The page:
37. 37. Locoweeds Astragalus spp and Oxytropis spp. (existing throughout the world) Principal Toxin: Swainsonine (first isolate from Swainsona canescens) – previously called locoine Average concentration of swainsonine in locoweed is 0.09 - 0.23% (dry weight) MoA:  Inhibit the action of two lysosomal enzymes (α-D-mannosidase and Golgi mannosidase II) that aid in the metabolism of saccharides.  Inhibition of α-mannosidase caused accumulation of complex sugars or oligosaccharides.  Golgi mannosidase II caused accumulation of normal structure of oligosaccharide components of glycoproteins.  As a result, oligosaccharides accumulate in the cells of the brain and many other organs and interfere with normal cellular function. Signs: Horses show the nervous signs of locoweed poisoning more commonly than do cattle or sheep. circling, incoordination, staggering gait, and unpredictable behavior  The prognosis for locoed horses should therefore always be guarded. It causes a generalized lysosomal storage disease similar to the genetically transmitted disease mannosidosis.
  38. 38. Amatoxin Amanita phalloides or A. Ocreata Common name: Death cap Toxic principle: alpha-amanitin  One of the Deadliest naturally occurring compounds.  0.1 mg/kg can be fatal (a dose that is often present in a single mushroom). MoA: Interference with RNA polymerase II, which prevents DNA transcription.
  39. 39. Muscarine Amanita muscaria, A. pantherina Common name: Fly agaric Toxic principle: Ibotenic acid and muscimol  Ibotenic acid and its metabolite is glutamic acid agonist  Whereas muscimol is GABA agonist. Symptoms is typically rapid, within 2 hours, characterized by hallucinations, dysphoria, and delirium.
  40. 40. Psilocybin and Psilocin Psilocybe cubensis Common name: boomers, magic mushrooms or gold caps Toxic principle: Psilocybin, psilocin, baeocystin and norbaeocystin, all are indole derivates from tryptamin. MoA: By altering the concentration of indoles, including serotonin, in CNS, which leads to interfere with the transmission and processing of external stimuli (Young et al., 1982).  Visual, auditory and tactile hallucinations together with disturbed sensory perception like visual distorsions.  Example, loss of colour differentiation, sensation of objects changing shape. Other, like body image distorsions, depersonalization, derealization and altered time and space sense. Seizures may rarely occur.
  41. 41. Zootoxins  Snakes  Toads  Apitoxin (bees and wasps)  Scorpion  Spider  Tick  Fish (ciguatera)
  42. 42. Snake venoms Neurotoxic venoms:  Fasciculins - attack cholinergic neurons  Dendrotoxins - inhibit neurotransmissions by blocking the exchange of positive and negative ions across the neuronal membrane  α-neurotoxins - blocked Ach.  alpha-bungarotoxin - Blocks acetylcholine (nicotinic) receptor (Krait) Venomous snakes can be classified into three class  Elapines- neurotoxic (e.g.cobra, mamba, and coral snakes)  Two families of viperines, the true vipers (e.g., puff adder, Russell's viper) & the pit vipers (e.g., rattlesnakes, copperhead. Viperine venom is typically haemotoxic, necrotising (death of tissue), and anticoagulant.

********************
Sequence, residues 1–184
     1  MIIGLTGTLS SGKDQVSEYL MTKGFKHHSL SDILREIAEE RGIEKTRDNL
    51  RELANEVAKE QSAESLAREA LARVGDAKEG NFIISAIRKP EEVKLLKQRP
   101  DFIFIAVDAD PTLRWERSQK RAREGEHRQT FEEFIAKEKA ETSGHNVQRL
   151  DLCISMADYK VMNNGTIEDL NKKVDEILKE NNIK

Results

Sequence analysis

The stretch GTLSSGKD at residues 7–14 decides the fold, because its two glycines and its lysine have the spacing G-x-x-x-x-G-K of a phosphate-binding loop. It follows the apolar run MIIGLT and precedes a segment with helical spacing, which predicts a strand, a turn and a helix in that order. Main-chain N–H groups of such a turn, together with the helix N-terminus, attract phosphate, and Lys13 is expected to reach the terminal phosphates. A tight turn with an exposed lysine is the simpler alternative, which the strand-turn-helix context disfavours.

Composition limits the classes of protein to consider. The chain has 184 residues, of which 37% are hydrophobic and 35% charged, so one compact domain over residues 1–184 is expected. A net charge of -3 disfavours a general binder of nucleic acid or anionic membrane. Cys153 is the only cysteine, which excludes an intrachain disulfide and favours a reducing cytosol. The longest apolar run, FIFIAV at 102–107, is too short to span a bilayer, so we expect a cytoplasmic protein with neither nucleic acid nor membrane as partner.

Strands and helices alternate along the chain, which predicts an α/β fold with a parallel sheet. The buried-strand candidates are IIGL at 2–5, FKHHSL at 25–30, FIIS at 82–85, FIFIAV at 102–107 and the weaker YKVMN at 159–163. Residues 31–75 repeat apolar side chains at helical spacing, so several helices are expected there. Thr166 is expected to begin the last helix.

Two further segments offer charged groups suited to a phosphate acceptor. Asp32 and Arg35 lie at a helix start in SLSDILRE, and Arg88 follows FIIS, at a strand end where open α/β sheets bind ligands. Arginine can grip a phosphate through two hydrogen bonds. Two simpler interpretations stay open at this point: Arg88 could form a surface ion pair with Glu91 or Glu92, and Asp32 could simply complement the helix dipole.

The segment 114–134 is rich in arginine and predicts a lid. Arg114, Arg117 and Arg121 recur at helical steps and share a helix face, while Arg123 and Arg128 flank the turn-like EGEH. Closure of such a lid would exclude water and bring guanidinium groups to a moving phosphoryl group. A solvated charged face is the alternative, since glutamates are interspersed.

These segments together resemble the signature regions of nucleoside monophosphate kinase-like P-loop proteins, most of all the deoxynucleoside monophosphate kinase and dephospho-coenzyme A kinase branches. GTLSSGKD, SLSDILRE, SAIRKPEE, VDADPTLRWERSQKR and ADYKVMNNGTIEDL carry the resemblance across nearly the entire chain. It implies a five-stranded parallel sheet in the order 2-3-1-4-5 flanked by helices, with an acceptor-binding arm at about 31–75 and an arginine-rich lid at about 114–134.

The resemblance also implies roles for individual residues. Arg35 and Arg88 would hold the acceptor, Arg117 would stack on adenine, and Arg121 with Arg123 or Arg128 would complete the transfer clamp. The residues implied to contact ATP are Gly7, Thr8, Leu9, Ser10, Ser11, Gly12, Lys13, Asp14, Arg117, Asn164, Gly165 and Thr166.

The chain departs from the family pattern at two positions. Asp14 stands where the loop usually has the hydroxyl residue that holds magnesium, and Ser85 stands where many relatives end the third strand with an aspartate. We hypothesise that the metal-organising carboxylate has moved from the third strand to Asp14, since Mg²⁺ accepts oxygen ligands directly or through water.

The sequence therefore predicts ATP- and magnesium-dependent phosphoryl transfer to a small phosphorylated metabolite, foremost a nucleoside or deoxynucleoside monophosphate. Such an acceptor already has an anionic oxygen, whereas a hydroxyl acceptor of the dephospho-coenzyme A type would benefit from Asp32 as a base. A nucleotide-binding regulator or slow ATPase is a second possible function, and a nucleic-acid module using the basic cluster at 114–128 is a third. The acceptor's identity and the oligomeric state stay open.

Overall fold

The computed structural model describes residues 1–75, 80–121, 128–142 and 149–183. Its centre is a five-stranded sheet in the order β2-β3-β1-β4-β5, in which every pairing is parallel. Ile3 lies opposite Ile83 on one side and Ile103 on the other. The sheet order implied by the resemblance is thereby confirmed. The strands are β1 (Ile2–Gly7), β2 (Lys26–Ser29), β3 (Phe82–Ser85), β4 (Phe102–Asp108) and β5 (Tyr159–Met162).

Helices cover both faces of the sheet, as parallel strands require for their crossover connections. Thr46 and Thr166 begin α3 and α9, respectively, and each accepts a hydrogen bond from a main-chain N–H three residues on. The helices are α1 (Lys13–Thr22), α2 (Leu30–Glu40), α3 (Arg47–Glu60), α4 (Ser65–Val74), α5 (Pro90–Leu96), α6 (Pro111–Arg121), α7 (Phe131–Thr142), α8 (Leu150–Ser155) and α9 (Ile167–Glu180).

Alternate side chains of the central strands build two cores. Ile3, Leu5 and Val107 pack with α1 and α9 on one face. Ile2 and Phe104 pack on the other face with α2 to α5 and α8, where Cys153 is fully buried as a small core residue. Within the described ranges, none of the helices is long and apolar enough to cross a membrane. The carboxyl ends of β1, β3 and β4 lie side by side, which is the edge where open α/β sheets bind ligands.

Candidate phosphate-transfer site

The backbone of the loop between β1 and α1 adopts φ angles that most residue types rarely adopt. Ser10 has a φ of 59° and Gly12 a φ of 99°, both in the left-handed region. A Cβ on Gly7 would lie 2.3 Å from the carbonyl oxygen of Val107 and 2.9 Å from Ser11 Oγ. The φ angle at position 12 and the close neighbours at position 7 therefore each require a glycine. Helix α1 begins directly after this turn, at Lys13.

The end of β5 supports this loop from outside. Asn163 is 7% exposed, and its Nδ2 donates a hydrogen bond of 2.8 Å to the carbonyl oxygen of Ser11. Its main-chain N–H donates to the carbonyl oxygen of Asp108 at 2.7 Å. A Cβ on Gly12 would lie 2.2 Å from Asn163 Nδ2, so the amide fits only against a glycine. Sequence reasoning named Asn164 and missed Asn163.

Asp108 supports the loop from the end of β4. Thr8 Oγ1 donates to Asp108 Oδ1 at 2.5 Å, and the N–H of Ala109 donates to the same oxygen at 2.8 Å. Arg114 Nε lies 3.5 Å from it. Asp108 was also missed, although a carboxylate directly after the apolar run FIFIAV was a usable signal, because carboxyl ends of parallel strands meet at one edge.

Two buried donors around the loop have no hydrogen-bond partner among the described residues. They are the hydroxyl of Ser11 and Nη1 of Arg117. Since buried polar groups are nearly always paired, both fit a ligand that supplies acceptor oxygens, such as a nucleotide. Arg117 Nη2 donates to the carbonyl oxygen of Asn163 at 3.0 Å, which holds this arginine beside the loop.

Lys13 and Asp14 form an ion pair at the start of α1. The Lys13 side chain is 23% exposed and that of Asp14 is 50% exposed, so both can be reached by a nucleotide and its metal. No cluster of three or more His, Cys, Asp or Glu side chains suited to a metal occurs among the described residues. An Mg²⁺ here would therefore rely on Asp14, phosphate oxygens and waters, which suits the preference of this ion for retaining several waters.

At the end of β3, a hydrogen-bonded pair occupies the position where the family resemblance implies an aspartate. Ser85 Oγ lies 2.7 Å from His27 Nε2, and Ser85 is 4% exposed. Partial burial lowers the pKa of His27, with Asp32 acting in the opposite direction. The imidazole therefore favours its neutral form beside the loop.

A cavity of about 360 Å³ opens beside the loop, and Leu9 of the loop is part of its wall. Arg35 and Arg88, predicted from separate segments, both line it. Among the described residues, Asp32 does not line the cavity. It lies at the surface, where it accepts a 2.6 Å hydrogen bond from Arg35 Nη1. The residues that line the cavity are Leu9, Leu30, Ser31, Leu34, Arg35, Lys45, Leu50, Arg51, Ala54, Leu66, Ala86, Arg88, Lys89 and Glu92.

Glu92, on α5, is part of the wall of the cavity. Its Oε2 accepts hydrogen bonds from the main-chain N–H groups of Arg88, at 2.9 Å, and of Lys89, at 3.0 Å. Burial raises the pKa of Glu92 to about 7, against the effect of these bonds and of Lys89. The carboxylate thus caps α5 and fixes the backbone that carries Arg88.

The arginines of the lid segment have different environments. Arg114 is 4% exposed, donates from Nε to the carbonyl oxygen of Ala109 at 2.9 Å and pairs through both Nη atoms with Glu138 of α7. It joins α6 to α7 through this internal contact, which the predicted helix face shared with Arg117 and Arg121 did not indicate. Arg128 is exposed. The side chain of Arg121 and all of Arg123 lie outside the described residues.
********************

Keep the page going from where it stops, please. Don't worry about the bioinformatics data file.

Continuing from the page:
43. 43. Toad toxin Batrachotoxins (BTX) are extremely potent cardiotoxic and neurotoxic steroidal alkaloids found in certain species of frogs (Arrow Frog)  LD50 in rats, the lethal dose of this alkaloid in humans is estimated to be 1 to 2 µg/kg. MoA: Prevents sodium channels from closing  Disturbance in depolarization of action potential, failure of nerve impulse.  Lipid-soluble toxins such as batrachotoxin act directly on sodium ion channels involved in action potential generation and by modifying both their ion selectivity and voltage sensitivity.
  44. 44. Apitoxin SK channel blockers may have a therapeutic effect on Parkinson’s disease Bee & Wasp: Apamin is an 18 amino acid peptide neurotoxin found in apitoxin MoA: Apamin selectively blocks SK channels, a type of Ca2+ -activated K+ channel expressed in the central nervous system.  Impaired of nerve impulse due to failure polarization Ca2+ -activated K+ channel Burning or stinging pain, swelling, redness
  45. 45. Scorpion toxin Toxins: Agitoxin, Charybdotoxin, Iberiotoxin MoA: Blocks potassium channels Impair nerve impulse due to failure of polarization
  46. 46. Spider Toxins: Atracotoxins hanatoxin alpha latratoxin MoA:  The mechanism of many spider toxins is through blockage of calcium channels.  It will lead to inactivation of Ca++ sensitive Potassium channel -> down regulation of nerve impulse Blocked Intracellular
  47. 47. Tick Dermacentor andersoni, Dermacentor variabilis xodes holocyclus Tick paralysis is the only tick-borne disease that is not caused by an infectious organism. The illness is caused by a neurotoxin produced in the tick's salivary gland.  It is believed to be due to toxins found in the tick's saliva that enter the bloodstream while the tick is feeding.  It occurs when an engorged and gravid (egg-laden) female tick produces a neurotoxin in its salivary glands and transmits it to its host during feeding, the greatest amount of toxin is produced between the fifth and seventh day of attachment.  The toxin causes symptoms within 2–7 days, beginning with weakness in both legs that progresses to paralysis. The paralysis ascends to the trunk, arms, and head within hours and may lead to respiratory failure and death.